Faced with the unpredictability of the tribunals, refugee domestics often enlisted the help of sympathetic masters and mistresses to achieve a favourable outcome, but the interventions of employers did not always work to the refugees’ advantage. Alice Heisig, whose “boss was nice enough to take me to the tribunal”, believed that her employer’s intercession led to her being “declared a friendly alien” by the tribunal in Margate,16 but Ernestine Baginsky was not as fortunate. Facing a panel of three judges who looked to her “as if they had 300 years between them”, Baginsky related that she had “a very nice letter from Mr Joseph … and Mrs Joseph spoke for me and said I was all right … but in Leicester everyone who was an alien was interned.”17 Not all employers armed their refugee maids with positive character references, however, as both Alice Fraser and Alice Blum Mavrogordato discovered. Fraser remains convinced that her wealthy and influential employer maligned her to the tribunal judges “because she certainly didn’t like me”,18 and Mavrogordato claimed to have proof that her employer had done so. In a remarkable “Curriculum Vitae”, written on the Isle of Man in 1941, Mavrogodato detailed every question asked her in her original tribunal, where “Having a clear conscience I thought I would naturally be classified ‘C’.” Mavrogordato, who had been a dress designer in Vienna, wrote that her employer “was apparently shocked from the very first minute she saw me, noticing that I did not look like a ‘real maid’”, and frequently accused her of being a spy because of her beautiful clothing.19 Although she was probably too cautious to include it in her wartime account, Mavrogordato confessed in her 1997 testimony that she had allowed a Jewish friend to secretly steam open the letter her mistress had given her to take to the tribunal, and found that her employer had written: “Miss Blum claims to be a refugee from Nazi oppression. But since I am not in her confidence … I cannot verify her statements.” It was Mavrogordato’s firm belief that “this would have meant immediate internment”, but added, “in York, they interned all Austrian and German aliens … all of them.”20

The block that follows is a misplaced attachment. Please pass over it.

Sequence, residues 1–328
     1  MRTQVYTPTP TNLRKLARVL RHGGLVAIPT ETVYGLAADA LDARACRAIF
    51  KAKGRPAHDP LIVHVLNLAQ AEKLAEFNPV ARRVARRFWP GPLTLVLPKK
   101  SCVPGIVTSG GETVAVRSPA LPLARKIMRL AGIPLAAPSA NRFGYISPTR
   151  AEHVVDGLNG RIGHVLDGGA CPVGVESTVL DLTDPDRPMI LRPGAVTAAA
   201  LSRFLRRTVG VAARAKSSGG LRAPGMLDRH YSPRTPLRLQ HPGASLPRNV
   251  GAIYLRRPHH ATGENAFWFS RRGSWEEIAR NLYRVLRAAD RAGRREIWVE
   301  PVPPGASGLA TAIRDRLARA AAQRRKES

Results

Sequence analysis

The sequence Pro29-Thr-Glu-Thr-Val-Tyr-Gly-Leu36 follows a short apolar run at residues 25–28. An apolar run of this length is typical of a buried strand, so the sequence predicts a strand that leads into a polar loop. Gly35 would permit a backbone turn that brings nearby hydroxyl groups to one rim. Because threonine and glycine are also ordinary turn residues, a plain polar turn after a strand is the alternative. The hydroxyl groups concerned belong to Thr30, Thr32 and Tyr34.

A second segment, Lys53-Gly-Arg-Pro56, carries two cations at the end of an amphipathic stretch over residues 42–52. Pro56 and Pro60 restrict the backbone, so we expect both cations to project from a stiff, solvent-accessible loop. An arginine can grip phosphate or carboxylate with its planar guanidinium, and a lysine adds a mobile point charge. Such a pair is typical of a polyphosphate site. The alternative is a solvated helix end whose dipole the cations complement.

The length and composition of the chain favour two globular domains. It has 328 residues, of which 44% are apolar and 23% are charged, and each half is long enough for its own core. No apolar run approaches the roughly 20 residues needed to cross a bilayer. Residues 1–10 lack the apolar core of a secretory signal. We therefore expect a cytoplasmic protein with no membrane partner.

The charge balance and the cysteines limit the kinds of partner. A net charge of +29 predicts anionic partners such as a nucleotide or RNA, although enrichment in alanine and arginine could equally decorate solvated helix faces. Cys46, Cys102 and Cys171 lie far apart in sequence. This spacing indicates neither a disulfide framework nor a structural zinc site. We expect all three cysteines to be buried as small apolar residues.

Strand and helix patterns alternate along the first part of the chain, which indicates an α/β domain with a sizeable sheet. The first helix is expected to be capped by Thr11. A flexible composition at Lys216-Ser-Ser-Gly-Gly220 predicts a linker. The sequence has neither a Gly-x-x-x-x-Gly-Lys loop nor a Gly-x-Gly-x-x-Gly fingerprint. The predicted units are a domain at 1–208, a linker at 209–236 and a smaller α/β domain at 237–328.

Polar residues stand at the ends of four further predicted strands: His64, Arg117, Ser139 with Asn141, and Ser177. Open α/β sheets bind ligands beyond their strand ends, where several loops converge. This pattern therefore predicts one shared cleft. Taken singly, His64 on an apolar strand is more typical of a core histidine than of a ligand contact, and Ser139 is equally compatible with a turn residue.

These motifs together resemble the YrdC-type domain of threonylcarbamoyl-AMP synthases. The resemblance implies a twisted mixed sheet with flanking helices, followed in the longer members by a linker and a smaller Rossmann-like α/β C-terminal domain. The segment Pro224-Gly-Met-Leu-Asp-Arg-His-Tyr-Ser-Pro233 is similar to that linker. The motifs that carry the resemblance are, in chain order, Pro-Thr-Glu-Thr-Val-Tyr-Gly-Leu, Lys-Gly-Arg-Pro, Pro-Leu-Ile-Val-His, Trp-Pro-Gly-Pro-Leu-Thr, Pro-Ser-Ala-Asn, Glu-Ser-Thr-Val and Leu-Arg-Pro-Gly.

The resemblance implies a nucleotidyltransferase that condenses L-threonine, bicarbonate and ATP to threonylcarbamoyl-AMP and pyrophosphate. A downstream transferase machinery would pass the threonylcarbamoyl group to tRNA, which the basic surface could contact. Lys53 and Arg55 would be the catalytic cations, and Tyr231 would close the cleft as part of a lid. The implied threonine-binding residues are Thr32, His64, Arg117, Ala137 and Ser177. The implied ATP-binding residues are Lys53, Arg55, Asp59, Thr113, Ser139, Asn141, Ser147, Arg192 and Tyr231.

These testimonies demonstrate refugee domestics’ awareness of the importance of their tribunal’s location in their alien classification and subsequent internment, a circumstance that was confirmed by the authorities at the time. For example, refugee organizations’ claims that ninety per cent of aliens in Leeds had been put in either A or B category were corroborated by internal government correspondence that noted that both Worcestershire and Leeds had “a high percentage of non-exemptions” because “in the Midlands where there are important armament and other government works, the tribunals may have felt it inadvisable to free enemy aliens of the special restrictions.”21 The Home Office “admitted that … so many Tribunals had resulted … in a divergence of practice from which some anomalies had risen … [and] where the alien lived had a good deal to do with it, although … that explanation did not cover … [the situation] where two tribunals sitting in the same town obtained results which differed widely from each other.”22 Helga Lemer’s experience substantiated this latter point when she and a friend attended two different tribunals in greater London. Her friend “got a B because she went to Manor House and it was known the judge in Manor House was antisemitic … but I lived in Golders Green … so we came before King’s Cross tribunal … and they gave me a C.” These inconsistencies caused Ernestine Baginsky to feel “injustice … because in each town or city it was different. . . because there were different people who sat at that tribunal.”23 Margot Pottlitzer, who was given what she claimed was a “special C” by “a real judge … who knew what it was all about”, was nevertheless later interned because, she claimed, “all the people in Cheltenham were interned” regardless of classification.24 Faced with increasing pressure from refugee organizations and the Parliamentary Committee on Refugees led by Eleanor Rathbone, the government agreed that B cases ought to be reviewed, ideally by tribunals overseen by a different set of judges.25 Undoubtedly, many refugee women would have had their B classifications re-evaluated under this plan, but the reviews had barely got under way when Germany attacked France and the Low Countries in the spring of 1940, sparking fears of invasion that unleashed a wave of anti-alien sentiment, and culminated in the mass internment of thousands of Jewish refugees.